Results6th button-01

Analysis of fiber-2 gene sequence

Gene code for Fiber-2 protein was amplified by PCR revealed the desired 1437 bp DNA product, which was then purified and cloned into pET28a expression vector. The insert's presence in the construct was further verified using colony PCR (Fig 1). DNA sequencing showed the accurate ORF of the fiber-2 gene in the construct. The deduced amino acid sequence revealed that Fiber-2 protein has 478 amino acid residues. Molecular studies also disclosed that fiber-2 gene has 99% similarity with FAdV-4 isolates originated from Indian regions.

Fiber-2 protein expression and purification

The recombinant Fiber-2 protein was successfully expressed in E. coli, yielding the predicted 60kDa protein on SDS-PAGE and Western blot (Fig 2A and B). Expression studies revealed that the recombinant Fiber-2 protein was expressed in supernatant as well as pellet fractions. The highest protein was found in inclusion bodies as insoluble proteins. It was also observed that by altering the factors like IPTG concentrations, temperature change and incubation time had no effect on the solubility of the recombinant fiber-2 protein (data not shown). The recombinant protein was purified using nickel affinity chromatography, revealing the presence of His-tagged recombinant fiber-2 in the eluted fractions with a molecular weight of 60 kDa. The obtained purified protein was quantified by nanodrop spectrophotometer which showed 1.5 mg/L of Fiber-2 protein from one-liter bacterial culture.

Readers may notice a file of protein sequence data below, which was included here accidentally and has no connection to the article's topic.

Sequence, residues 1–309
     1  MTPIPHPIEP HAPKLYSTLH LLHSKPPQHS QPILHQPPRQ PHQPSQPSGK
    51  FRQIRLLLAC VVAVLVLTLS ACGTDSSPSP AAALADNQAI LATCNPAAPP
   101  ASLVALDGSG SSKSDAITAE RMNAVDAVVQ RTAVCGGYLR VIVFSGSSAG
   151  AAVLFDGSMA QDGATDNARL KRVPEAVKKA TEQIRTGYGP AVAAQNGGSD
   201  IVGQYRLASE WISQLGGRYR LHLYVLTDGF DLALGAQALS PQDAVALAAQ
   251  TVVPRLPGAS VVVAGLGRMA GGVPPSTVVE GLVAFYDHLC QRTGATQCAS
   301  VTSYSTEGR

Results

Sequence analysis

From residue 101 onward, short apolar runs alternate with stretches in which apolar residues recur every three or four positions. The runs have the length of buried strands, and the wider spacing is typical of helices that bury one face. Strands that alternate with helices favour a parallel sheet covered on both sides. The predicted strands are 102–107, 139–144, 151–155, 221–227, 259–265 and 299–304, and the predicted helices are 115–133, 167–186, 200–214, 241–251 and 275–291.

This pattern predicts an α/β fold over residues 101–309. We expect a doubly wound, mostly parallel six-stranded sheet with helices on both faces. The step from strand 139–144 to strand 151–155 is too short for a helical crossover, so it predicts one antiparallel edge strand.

Immunogenicity of recombinant fiber-2 protein as subunit vaccine 

The antibody titers against Fiber-2 subunit vaccine and commercial inactivated vaccine were analyzed and compared at 0, 7, 14 and 21 days post vaccination (Fig. 3). It was found that production of antibodies was faster in the birds immunized with fiber-2 protein than those vaccinated with commercial vaccine (Fig 3). Moreover, high antibody titers were observed in birds vaccinated with Fiber-2 as compared with the birds immunized with commercial vaccine. This indicates that the fiber-2 protein produces more efficient immune response than commercial inactivated vaccine.

Protective efficacy of recombinant Fiber-2 protein